Amanda: I think that’s what my campaign is all about, not just electing–well, first I need you to elect me. [laughs] But that’s just one step. The second is something that I’ve embarked upon as a local elected official, which has been about empowering people and to also hold their leadership accountable for the things that come out of [our?] mouth. So it’s not good enough to see me in the campaign cycle and let me go away and not come back until the next campaign cycle, because how do you get what you deserve in your community unless you hold me accountable? We have to have an open line of communication. This open line can be state-wide. It relates to not just being responsive to constituent requests but being present in communities, hosting a town hall. When I come to you, you should be having the report card out. “Well, where are you with this? We talked about this. What’s the timing on this?” Or not even a report card. I should just proactively share with you where we are with that. That’s being effective as a leader in delivering results. Before I got into politics, I will tell you, I was a [?] lawyer. I was a municipal finance lawyer. You don’t get paid [?] ’til the deal gets closed. So in my mind I’m hard-wired to think in terms of deliverables, right? And so you have to close the deal before you get paid for it. In the world of politics, people just give speeches all the time and not see progress. In some kind of way that’s doing your job, and I just don’t think that the bar is high enough. I think doing your job is bringing home the things, the change you discussed on the campaign trail and not pointing fingers. What if the premium was [?]? And this also turns to the electorate, okay? Constituents have to raise the bar for themselves. It cannot be that you say “I want to send a boxer to go perform surgery.” If you’re asking somebody to bring home deliverables like policy changes, it’s not about me beating somebody else in the public arena, in public. It’s not about me getting some cable news, you know, applause for some Tweet I made. It’s about going and getting those bills passed, and that’s what we have to begin to focus our attention on. So often it’s the case that we focus on the fight versus focus on the result, and I think there’s a role to be played by the electorate to understand that. You’ve got to be focused on who do we think is a mover in that place and get something done there. That’s what we should be rewarding, not so much who can be mean like Donald Trump or who can, you know, fight him. I mean, that’s part of the equation, but that’s not the exclusive element that we should be focused on. You know, and I think that gets lost, and that’s a huge detail. I mean, part of the dysfunction we have in Washington, the polarization, is because we elect people to go in and be polarizing.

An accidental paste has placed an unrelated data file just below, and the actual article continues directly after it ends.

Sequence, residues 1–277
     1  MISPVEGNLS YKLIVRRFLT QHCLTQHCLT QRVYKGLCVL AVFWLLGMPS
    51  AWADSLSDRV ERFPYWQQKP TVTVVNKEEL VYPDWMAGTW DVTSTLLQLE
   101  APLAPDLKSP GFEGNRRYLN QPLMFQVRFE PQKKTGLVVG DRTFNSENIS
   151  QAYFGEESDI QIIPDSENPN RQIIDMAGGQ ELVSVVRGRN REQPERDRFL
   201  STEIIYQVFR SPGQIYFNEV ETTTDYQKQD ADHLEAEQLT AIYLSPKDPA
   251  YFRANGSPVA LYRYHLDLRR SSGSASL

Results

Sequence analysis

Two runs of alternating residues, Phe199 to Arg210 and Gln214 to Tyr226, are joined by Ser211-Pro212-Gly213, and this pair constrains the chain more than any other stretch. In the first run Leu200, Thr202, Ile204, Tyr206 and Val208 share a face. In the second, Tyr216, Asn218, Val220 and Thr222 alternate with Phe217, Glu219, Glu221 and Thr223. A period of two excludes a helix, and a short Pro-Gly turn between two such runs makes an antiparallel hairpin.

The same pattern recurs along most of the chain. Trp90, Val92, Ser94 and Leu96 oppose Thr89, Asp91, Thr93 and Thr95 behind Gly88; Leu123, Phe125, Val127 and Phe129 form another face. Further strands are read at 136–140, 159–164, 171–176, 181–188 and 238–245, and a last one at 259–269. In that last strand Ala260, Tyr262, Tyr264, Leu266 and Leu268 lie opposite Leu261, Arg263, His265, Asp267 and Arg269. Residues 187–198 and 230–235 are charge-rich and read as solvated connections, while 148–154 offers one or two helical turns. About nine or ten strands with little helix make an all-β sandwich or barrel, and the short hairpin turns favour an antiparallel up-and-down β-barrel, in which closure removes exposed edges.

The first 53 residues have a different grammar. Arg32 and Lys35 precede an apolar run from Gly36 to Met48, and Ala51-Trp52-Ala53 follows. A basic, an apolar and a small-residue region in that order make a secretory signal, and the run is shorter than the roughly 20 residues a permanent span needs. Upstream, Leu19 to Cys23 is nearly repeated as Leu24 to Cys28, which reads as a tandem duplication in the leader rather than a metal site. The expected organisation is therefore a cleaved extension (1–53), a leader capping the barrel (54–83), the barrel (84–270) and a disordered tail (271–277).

Zach: So, you know, you mentioned Donald Trump, and it’s interesting because the next thing I was gonna ask you was about millennials and Gen Z black and brown voters in this cycle keep getting told that we have to make compromises in order to beat Trump, which often means accepting candidates that have troubling racial records, right? And I don’t even know why I’m saying troubling racial records. People got records out here that’s showing that they’re mad racist and/or–this is my show, I’ma stop trying to use all this little political language. I ain’t playing with y’all. You know what I’m saying, they got some crazy stuff happening in their past, but we’re challenged to vote for them anyway. So, like, should we make that trade-off? And if so, why?
Amanda: I think you vote for what you want to see. I mean, some people try to–because ultimately that’s what change is about. So if you see a candidate that espouses the change you want to see and enough people see it, I mean, whether you are in agreement with Bernie Sanders or not, you know, he was seemingly a long-shot early on, right? And now of course you see him gaining momentum, and it’s not because people say “Oh, he’s gonna be the easy one to win early on.” They got behind him. They wanted to see what he was talking about. Same thing with a litany of other candidates that we’ve seen. Obama, you know? Obama was not the likely candidate to emerge.
Zach: I remember that in high school, yeah.